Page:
But perhaps even more important than the algorithms themselves are the data used to train algorithms. Especially the bias, or bias of the data, is crucial. When we first experimented with image recognition at the National Library, we noticed that existing open source algorithms performed very well in recognizing the content of modern photographs.

However, less was recognized in historical photographs, and in a way that didn’t come as a surprise. Imagenet, the largest dataset that forms the basis for many image recognition algorithms, contains only contemporary photos and was thus biased towards that type of photo.

Entering data

This brings us to the unique position that the heritage sector can play in the AI domain: we can ‘feed’ algorithms with the beautiful (digital) datasets that we have been collecting, describing and digitising for centuries.

This leads to three major advantages. First of all, we introduce a new type of bias, making algorithms more diverse. For example, we introduce historical language use and terminology. This gives our datasets a second life, allowing us to play a valuable role in the debate about the limitations of AI algorithms.

A second advantage is that algorithms also become more and more applicable in our domain when they’re trained with our kind of data. And a third advantage is that training (open source) algorithms on publicly available (open) data makes it possible to break through the black box and enable research into bias by third parties.

Steps taken

Of course, making data available is easier said than done. Besides technical expertise (e.g. finding out what is actually the best way to share datasets) copyright and privacy can entail the necessary restrictions that prevent the use of these datasets in the first place.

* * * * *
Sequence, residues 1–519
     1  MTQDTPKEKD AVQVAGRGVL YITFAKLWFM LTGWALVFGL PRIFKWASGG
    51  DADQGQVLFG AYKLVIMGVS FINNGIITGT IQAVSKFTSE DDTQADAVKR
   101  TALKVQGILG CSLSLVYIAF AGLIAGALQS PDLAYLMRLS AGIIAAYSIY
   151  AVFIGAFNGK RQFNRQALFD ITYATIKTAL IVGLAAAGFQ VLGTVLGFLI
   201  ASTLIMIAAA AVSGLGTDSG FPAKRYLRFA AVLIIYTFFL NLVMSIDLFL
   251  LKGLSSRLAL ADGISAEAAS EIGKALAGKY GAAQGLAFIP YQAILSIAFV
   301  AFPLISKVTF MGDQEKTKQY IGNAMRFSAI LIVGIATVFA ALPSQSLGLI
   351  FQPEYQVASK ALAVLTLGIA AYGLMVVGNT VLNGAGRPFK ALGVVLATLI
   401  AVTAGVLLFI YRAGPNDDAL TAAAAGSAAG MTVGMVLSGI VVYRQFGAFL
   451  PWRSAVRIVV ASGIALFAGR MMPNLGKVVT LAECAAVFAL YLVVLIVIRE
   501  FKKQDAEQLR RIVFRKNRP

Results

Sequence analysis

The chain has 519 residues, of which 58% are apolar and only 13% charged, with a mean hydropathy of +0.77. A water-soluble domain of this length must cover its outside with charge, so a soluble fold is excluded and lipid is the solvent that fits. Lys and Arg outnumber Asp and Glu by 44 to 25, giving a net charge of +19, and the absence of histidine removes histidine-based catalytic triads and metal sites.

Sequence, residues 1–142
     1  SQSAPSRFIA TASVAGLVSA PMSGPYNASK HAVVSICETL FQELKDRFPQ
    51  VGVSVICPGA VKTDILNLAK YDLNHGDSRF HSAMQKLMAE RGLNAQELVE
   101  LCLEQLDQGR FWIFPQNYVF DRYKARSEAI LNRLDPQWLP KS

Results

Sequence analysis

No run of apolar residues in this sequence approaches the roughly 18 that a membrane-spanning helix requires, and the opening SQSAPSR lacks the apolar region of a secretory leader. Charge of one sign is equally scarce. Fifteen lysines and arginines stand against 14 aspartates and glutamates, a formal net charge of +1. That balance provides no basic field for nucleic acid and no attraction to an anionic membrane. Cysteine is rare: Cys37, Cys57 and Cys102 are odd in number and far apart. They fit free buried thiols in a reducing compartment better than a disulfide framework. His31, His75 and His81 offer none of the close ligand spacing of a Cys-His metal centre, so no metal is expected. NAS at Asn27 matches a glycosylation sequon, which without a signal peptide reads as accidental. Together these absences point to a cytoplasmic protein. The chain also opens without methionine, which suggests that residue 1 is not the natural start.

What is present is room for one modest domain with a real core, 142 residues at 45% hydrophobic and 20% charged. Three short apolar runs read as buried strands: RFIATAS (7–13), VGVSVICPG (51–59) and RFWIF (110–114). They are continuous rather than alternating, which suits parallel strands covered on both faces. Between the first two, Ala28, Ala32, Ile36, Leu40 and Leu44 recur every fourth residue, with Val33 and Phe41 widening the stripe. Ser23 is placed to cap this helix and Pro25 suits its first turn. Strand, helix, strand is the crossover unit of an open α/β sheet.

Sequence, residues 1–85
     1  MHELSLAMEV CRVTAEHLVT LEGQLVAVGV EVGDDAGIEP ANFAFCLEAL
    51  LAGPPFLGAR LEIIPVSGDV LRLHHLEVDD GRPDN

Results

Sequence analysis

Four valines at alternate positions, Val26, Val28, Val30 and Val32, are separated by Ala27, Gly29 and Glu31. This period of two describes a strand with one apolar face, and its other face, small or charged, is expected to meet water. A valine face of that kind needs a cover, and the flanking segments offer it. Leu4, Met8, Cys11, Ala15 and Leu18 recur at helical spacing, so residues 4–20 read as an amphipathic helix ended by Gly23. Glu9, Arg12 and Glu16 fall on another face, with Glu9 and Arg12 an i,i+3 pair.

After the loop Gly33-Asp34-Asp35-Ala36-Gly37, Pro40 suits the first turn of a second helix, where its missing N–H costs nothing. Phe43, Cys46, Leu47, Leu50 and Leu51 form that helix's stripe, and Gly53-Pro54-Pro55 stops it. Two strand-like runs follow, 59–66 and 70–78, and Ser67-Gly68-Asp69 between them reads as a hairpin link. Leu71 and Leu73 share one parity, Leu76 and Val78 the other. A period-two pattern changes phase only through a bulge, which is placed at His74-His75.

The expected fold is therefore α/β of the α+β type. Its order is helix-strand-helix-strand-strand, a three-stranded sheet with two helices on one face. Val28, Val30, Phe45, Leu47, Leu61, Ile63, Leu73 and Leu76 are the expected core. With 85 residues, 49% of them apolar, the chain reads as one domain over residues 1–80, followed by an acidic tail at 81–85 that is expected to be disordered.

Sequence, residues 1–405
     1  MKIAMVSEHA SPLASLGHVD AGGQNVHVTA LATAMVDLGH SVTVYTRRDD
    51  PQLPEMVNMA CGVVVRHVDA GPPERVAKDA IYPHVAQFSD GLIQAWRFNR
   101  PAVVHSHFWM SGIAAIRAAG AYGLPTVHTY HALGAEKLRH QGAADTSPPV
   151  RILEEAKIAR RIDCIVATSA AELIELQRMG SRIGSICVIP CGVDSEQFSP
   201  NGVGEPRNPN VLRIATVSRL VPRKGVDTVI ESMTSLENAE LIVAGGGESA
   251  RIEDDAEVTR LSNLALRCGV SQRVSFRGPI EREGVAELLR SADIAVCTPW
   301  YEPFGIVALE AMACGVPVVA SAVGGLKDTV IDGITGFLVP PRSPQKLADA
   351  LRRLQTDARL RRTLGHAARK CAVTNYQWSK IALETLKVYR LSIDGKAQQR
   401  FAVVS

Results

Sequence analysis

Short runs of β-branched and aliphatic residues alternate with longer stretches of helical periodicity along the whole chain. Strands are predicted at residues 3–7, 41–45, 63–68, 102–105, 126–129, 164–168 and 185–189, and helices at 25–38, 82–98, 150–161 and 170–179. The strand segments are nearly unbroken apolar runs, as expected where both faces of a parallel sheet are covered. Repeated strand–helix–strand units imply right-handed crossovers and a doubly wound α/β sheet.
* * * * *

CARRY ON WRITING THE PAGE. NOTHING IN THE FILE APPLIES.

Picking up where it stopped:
Nevertheless, some promising steps have been taken recently. The National Archives and Noord-Hollands Archief have made their models from the Transkribus project available to other researchers. At the National Library we make so-called ground truth datasets available for OCR research, among other things.

Recently, Brill published a dataset with images to develop algorithms that can automatically assign Iconclass codes. And in the new project with Fotopersbureau De Boer, the Noord-Hollands Archief has also promised to make their data available afterwards.

Cultural AI

Although the number of such initiatives is limited, they are the steps we need to take as a sector if we want to use artificial intelligence in a responsible way. In our view, it should even lead to the new (sub) discipline ‘cultural AI’. This field uses digital heritage data to further develop algorithms that are increasingly capable of better understanding human cultural norms and values.

In other words: how can we use our knowledge from and about our (digital) heritage to make AI better? Not only does this provide a particularly good way to learn more about artificial intelligence, it is also the way to actively make an important contribution that is desperately needed.

This article was published earlier in the journal IP.

Martijn Kleppe is head of the Research Department at the National Library of the Netherlands
Jacco van Ossenbruggen is leader of the Human-centered Data Analytics group at CWI and the User Centric Data Science group at the VU University in Amsterdam.